Copa América And The Euro Cup: It's A Big Weekend For Soccer Fans
(SOUNDBITE OF ARCHIVED RECORDING)
UNIDENTIFIED ANNOUNCER: Argentina has done it. Messi has done it. They won the Copa America.
LULU GARCIA-NAVARRO, HOST:
The sounds from Rio de Janeiro's famed Maracana Stadium after last night's win by Argentina over Brazil in the Copa America, and there's even more soccer later today when England and Italy face off for the European Championship. So let's welcome ESPN's Sebastian Salazar to talk football. Hello.
SEBASTIAN SALAZAR: How are you doing? Very exciting day - what a weekend. It really is perfect for us.
GARCIA-NAVARRO: Oh, my. I can't even. I can't even. You've been covering the Copa America championship all month. I'm an Argentina supporter, so I have to say I was happy, but that's got to hurt - beat by their great rival, Brazil, beat by their great rival inside Brazil. So what's your take on last night's match and the performance of Lionel Messi?
SALAZAR: Well, first of all, you're an Argentina fan, so I'm surprised you showed up for work this morning.
SALAZAR: That's pretty impressive on your part. Look; I think it's crazy to say this because he is, for me, the greatest player I've ever seen. And I think a lot of people would say that as well. But it really is a legacy-defining moment. When you're a great player in any sport, you are compared to other greats - sometimes in your own generation, sometimes in other generations. For Messi, the two principal comparisons are Cristiano Ronaldo in this generation and Maradona in his - in the prior generations. And both those players had something that Messi didn't have, an international title with their national teams.
And if there's one thing that you could pick apart on Messi's legacy, it's that he'd never taken Argentina to the mountaintop, either the World Cup or Copa America, which for them is almost just as important. And so for him to deliver it and then, as you say, deliver it in the way that he did - to go into Brazil and beat Brazil, and not just beat Brazil, but beat Neymar, his real good buddy and now rival - for me it's just - it's a massive moment in not just Messi's career, but in the history of soccer because we've been watching this dude dominate the game for almost 15 years.
GARCIA-NAVARRO: And waiting for this moment.
SALAZAR: And to see him finally - oh, my gosh. And to see him finally get that moment - I think if you're a football lover, you feel like, OK, that's story is complete.
GARCIA-NAVARRO: (Laughter) Yeah, we've had our arc there. We have to also, though, talk about the Euros - Wembley Stadium, the first major tournament final for England in 55 years. I'm married to a Brit who does not follow footy, and even he's excited. I mean, will the spirit, commitment and pride the queen says the team has be enough?
SALAZAR: Has he been singing "It's Coming Home" (ph) around the house recently?
SALAZAR: You know, that's kind of the refrain that you keep hearing.
GARCIA-NAVARRO: Of course.
SALAZAR: And it's a song from actually in the '90s when England hosted the European Championships in 1996 and everyone thought, OK, the sport that we invented, that title that we've been seeking is finally either coming back, if you're talking about the World Cup in 1996, or coming home for the first time. They've never actually won a European championship.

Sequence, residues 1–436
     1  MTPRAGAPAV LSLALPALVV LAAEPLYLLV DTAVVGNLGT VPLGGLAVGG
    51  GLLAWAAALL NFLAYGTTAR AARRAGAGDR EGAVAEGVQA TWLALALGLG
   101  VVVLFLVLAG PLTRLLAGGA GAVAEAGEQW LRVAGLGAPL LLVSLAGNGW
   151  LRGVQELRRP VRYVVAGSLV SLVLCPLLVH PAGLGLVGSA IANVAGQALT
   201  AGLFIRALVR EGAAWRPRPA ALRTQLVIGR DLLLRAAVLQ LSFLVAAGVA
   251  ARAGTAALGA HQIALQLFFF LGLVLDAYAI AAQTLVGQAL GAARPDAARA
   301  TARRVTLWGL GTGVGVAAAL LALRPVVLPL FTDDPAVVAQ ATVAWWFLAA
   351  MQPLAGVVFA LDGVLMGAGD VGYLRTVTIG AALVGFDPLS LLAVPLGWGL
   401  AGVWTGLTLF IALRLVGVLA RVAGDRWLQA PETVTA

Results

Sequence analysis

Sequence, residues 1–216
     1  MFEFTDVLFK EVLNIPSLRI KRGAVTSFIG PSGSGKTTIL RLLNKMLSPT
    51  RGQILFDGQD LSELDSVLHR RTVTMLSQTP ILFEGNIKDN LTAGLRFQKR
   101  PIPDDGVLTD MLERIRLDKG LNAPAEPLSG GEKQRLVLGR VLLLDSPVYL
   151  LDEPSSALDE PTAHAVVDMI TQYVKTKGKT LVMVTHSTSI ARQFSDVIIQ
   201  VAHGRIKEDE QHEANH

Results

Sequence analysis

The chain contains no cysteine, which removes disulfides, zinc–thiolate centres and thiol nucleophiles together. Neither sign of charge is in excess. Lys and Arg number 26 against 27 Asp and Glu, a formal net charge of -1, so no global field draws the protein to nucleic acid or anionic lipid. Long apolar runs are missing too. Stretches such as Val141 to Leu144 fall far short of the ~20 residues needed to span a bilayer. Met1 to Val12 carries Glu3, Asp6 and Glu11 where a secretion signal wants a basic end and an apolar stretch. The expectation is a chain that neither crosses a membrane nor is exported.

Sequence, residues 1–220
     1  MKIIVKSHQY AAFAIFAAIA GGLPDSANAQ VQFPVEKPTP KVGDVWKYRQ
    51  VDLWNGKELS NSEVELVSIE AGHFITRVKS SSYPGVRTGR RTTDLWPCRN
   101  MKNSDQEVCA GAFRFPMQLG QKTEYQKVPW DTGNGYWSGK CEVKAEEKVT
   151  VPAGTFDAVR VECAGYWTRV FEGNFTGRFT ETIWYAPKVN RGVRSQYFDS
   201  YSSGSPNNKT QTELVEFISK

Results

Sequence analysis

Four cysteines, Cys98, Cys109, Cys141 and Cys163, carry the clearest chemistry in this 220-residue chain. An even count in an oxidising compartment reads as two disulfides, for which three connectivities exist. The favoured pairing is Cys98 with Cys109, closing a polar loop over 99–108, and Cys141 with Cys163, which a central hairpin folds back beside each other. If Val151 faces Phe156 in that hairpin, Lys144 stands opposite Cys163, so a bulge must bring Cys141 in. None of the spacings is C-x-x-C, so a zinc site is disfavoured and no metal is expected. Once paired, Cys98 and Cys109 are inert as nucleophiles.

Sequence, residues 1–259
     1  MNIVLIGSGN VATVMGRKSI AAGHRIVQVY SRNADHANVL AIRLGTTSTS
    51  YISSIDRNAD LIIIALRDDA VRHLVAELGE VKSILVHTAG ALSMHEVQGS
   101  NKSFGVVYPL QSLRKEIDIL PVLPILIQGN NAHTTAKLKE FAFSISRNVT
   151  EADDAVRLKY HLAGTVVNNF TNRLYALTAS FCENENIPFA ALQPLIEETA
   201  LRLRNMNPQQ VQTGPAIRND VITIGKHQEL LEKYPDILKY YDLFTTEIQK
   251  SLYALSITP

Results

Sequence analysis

And that's the crazy thing with England. They've got the highest paying league in the world, the most viewed league in the world. They invented the sport. And yet the only time they've ever been on the mountain top, the ball was brown, and there was, like, 10 teams in the World Cup. So this is really kind of in so many ways close to the end of a redemption tale for them as well. If you want to make the comparison to Argentina, I think it's a very, very tough ask. Of course they're at home. They'll be a massive advantage there. But if you want to just talk soccer, the two teams, how they've looked in this tournament, I think there's not a lot of people that would tell you England have been more convincing than Italy. Italy has been the standout of this tournament so far.
GARCIA-NAVARRO: I mean, I think that's true. And yet, I mean, there is just so much excitement in England for this, so much appetite to sort of finally, you know, bring it home also because, you know, sports is political. And let's not forget; it's been a tough year in England, and there's been this little thing called Brexit. So, you know, there is a sense that they really want to win it.
SALAZAR: Oh, of course. I mean, the frustration is there, too. If you're an English fan, they'll tell you, any time you get late in a tournament, we're going out on penalties. There's kind of this pessimism, and that seems to have been lifted by this group and this manager, Gareth Southgate. And I think people in England really, truly believe that it is coming home now. And should they get it, if you can imagine the parties in Buenos Aires last night, the parties in London today will be just as much, if not more. It was a 28-year wait in Argentina, 55 in England. Can you imagine?
GARCIA-NAVARRO: Oh, my goodness. That's ESPN's Sebastian Salazar. Thank you very much.
(SOUNDBITE OF BADDIEL AND SKINNER AND THE LIGHTNING SEEDS SONG, "THREE LIONS")
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